Steven Goldsher, co-organizer of the Charlemont Reggae Festival, took a different path while on his way to becoming an orthodontist. Thanks to one of his college professors, Goldsher was introduced to and fell in love with reggae music.

Steven and his father have organized their second Charlemont Reggae festival this year and Steven sat down with Connecting Point’s Brian Sullivan to share more of how he went from dental instruments to drums and percussion.

Watch our full feature on the return of the Charlemont Reggae festival.

Read the full transcript:

Steven Goldsher, Charlemont Reggae Fest: I started as a high school kid. I used to book music in high school, high school dances, so I had a little bit of a taste of that early on.

And, then I went off to college, one of the first experiences I had in college was going to hear a movie called “The Harder They Come”, 1976 — Jimmy Cliff playing in this famous movie, “The Harder They Come.”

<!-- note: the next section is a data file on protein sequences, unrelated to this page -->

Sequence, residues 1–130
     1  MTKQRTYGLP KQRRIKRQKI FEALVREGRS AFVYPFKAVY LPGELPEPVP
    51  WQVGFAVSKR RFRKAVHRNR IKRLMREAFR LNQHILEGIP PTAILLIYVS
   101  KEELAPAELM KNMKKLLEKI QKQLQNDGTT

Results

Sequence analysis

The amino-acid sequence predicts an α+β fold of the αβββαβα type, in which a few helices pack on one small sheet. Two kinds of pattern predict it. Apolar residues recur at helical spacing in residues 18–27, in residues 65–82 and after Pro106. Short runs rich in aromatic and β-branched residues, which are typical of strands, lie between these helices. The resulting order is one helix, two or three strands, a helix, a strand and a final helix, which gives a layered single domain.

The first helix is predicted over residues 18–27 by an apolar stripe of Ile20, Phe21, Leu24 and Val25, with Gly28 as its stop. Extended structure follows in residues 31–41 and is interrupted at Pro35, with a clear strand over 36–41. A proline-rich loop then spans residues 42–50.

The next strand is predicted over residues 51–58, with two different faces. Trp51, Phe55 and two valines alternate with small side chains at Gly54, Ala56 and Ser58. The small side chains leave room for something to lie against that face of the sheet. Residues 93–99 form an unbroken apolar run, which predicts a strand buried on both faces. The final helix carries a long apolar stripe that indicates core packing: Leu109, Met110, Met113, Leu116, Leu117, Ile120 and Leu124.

And there was a sociology professor at my university, Clark University, who used to lead trips to Jamaica and got a taste of what was going on this little Caribbean island that was changing the world with Bob Marley at that time, it was all happening, so there was always a connection with music.

I was an amateur musician and in fact, then my son Benjamin, we referred to as Ben-Jamin, and we were playing reggae music when he was in the womb, and he’s always been part of that whole reggae movement and the whole love and aspect of Rastafarians. You know, I and — I, we’re all human. We all see each other as each other: equals.